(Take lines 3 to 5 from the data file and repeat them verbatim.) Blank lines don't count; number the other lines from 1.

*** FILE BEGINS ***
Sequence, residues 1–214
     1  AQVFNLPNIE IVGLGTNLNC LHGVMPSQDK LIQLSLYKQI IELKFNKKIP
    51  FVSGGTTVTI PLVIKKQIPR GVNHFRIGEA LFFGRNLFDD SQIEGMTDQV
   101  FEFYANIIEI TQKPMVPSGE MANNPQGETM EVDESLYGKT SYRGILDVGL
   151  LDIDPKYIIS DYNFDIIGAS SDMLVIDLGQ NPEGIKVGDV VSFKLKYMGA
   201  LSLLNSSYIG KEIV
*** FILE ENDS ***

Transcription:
    51  FVSGGTTVTI PLVIKKQIPR GVNHFRIGEA LFFGRNLFDD SQIEGMTDQV
   101  FEFYANIIEI TQKPMVPSGE MANNPQGETM EVDESLYGKT SYRGILDVGL
   151  LDIDPKYIIS DYNFDIIGAS SDMLVIDLGQ NPEGIKVGDV VSFKLKYMGA